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Ippudo-is it worth it?

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I haven't been a real ramenaholic before. I had ramen in Japan only once an got pretty lucky without any research. I was incredibly impressed with a restaurant we stumbled into. This simple unassuming restaurant served this amazing bowl of ramen. It actually felt fabulous, and I was sold on the whole notion that there is a sense of love and attentiveness that makes something as unadorned as a bowl of noodle soup into an exhalted and delightful experience.

Fast forward to Ippudo where I went today. When I walked in, we were seated within a few minutes for a late lunch. The restaurant was packed and noisy. It was well decorated with bowls in the entrance from dozens of ramen restaurants in Japan. People were extremely well trained, and yelled a welcome whenever new people came in. There was incredibly good traffic control by the staff, and it had a very Japanese fast food feel to the entire experience. At the same time, I noticed that the "welcome" in Japanese seemed a little bit hollow.

We had three types of ramen; first there was their "modern" which is a tonkatsu, or pork bone based soup. It was a sweet broth, a bit underflavored by the bones, though supplemented by a sesame garlic oil that was not too overpowering, and added a subtle complexity to the soup. I didn't love it, but it wasn't bad either. The noodles didn't have much flavor of firmness which tends to be my preference and so was a bit less than enjoyable for me. There were only two pieces of char shu, though they were tasty. THat's their best seller, according to one of the staff.

We had a special, which was a sechuan style broth that they called ton ton or something like that. Ton-ton was so-so. The "Sichuanese" aspect of it was that it was a little spicy and oily, but it didn't ahve the traditional "mala" flavors that are characteristic of Sichuanese food. Mala refers to the combination of a numbing pepper and a very spicy pepper that is both hot and tingly at the same time. This soup bore no resemblance to the amazing soups of Sichuan.

The kids had the soyu ramen which is normally served with wasabi, but we didn't have the wasabi because the kids wouldn't be able to deal with the spiciness. It was okay, but not great. A bit light, but it might have been very good with the wasabi.

We had the raw baby octopus with wasabi and shiso. It was tough, but fresh and clean tasting, and the wasabi dressing was great. I always love shiso so that was a delightful addition with that lightness and freshness. This was an excellent dish, but I wonder if there's a way to soften the texture a bit.

We also had the chicken wings-very forgettable. Mediocre sauce and a bit overcooked to lose the juiciness.

The pork buns were fabulous. AN amazingly well balanced sauce and a very tender pork belly in a steamed bun. I would put theirs ahead of Momofuku's version of it. In DC's buns, the sauce, which is served on the side is hoisin sauce and some green onions-the condiments for beijing duck. Both were great, but Ippudo's was amazing.

The fried chicken on rice was fabulous as a side dish for $3. There was a pickling type of dressing as well as a sweet Japanese style mayo. IT was far better than the fried chicken wings.

At the end of the meal, I asked my Asian wife what she thought. "Not much heart". I agreed with her. It should have been apparent as we walked in and were greated by very loud, yet empty hearted greetings. The crowd was mostly young and professional looking. The service was great, the food mixed, and the experience loud and not to my taste. But given the rave reviews, I suspect I am in the minority about this restaurant. The variety is wonderful, and this Japanese run company has made a tremendous transition to an American audience while keeping Japanese flavors and sensibilities. Morimoto put it as number two in the East Village area putting David's Chang's Momofuku as number 1. But number 2 ain't at all bad. I will have to try many more ramen joints before I can really give a comparitive opinion.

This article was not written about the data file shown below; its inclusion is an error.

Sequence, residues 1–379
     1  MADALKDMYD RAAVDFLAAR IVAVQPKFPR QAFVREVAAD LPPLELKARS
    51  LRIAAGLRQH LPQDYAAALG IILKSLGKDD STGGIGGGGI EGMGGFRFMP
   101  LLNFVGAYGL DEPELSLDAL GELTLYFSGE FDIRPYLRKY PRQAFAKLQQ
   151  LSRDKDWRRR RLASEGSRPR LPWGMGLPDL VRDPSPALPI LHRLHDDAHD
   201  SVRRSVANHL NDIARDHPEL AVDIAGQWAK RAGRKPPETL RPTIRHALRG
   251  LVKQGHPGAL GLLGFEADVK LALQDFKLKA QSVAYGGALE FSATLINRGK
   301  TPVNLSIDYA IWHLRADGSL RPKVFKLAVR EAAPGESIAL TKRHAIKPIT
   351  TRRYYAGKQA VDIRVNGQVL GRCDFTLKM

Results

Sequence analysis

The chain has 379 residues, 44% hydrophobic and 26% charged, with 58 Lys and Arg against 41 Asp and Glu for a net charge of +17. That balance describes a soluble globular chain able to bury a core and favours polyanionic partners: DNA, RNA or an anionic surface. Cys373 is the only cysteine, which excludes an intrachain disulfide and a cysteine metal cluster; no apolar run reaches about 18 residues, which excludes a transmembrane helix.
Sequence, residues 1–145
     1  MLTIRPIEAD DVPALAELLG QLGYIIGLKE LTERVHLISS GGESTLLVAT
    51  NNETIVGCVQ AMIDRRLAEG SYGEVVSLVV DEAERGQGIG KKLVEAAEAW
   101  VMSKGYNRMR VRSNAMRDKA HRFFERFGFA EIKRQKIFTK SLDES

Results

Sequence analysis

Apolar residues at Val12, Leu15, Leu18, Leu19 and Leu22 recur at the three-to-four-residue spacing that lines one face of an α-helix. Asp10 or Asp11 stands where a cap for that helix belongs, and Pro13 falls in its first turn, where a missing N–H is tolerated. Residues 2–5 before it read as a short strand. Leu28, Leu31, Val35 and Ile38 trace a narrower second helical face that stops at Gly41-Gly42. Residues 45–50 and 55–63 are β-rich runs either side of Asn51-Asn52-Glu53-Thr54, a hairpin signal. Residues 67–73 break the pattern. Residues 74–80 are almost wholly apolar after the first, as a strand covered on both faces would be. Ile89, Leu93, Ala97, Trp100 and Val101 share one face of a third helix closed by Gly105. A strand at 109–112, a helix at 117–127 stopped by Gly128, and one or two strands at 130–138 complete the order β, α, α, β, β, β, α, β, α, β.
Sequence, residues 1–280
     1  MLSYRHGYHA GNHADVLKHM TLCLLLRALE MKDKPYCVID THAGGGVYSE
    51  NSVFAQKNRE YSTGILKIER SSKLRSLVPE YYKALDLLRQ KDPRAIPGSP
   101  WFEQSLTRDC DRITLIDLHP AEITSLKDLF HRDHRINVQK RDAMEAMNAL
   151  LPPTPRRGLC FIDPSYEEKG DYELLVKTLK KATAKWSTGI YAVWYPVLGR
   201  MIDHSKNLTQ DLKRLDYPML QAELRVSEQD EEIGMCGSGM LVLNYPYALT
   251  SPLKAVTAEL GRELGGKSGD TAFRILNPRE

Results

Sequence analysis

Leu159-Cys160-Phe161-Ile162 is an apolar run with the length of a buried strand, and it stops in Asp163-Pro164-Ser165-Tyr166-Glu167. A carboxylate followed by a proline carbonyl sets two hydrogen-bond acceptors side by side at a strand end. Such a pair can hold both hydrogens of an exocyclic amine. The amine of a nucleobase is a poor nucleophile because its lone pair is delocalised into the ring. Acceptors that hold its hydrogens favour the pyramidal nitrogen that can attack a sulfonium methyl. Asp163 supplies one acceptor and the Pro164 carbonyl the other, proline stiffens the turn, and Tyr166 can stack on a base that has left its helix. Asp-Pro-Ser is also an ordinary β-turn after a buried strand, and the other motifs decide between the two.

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  1. The ramen at Momofuku sucks. It's not in the same league...The best ramen at Ippudo is the Shiromaru Hakata. This is closest to the Hakata style ramen that Ippudo helped popularize in Japan. It is still a bit dialed down in funkiness for American tastes...The Akamaru Modern was developed specifically for the NY shop and dials down the funkiness even more. They are aiming for creamy and umami rather than all out porky the way the tonkotsu (not tonkatsu- different meaning) broths often taste. For either style, they will use Hakata style hoso-men thin noodles which is pretty standard. They are not meant to have much firmness but you can usually order your noodles how you like them and the shop will comply....Tan-tan-men is a popular Japanified version of Szechuan dan dan mien. It's more of a Wafu-chuka dish than a direct interpretation of Szechuan cuisine. Usually doesn't have actual "ma la" or even probably Szechuan peppercorns...I would never consider ordering shoyu ramen at this shop. It's out of their specialty......As to the atmosphere and service, they are trying to balance a goofy middle ground between offering New Yorkers ramen "dining" in a ramen "brasserie" with the downmarket fast food sensibilities of typical ramen shops in Japan. Your mileage may vary I supposed on how well they do that. In Japan I've been to some great shops where they are super friendly and warm and I've been to great shops where they seem to be under martial law. Either way, the experience is meant to be 15 minutes max, not a sitting down with a family of four for a meal of apps and bowls. So Ippudo is still feeling their way with the 'dining' concept.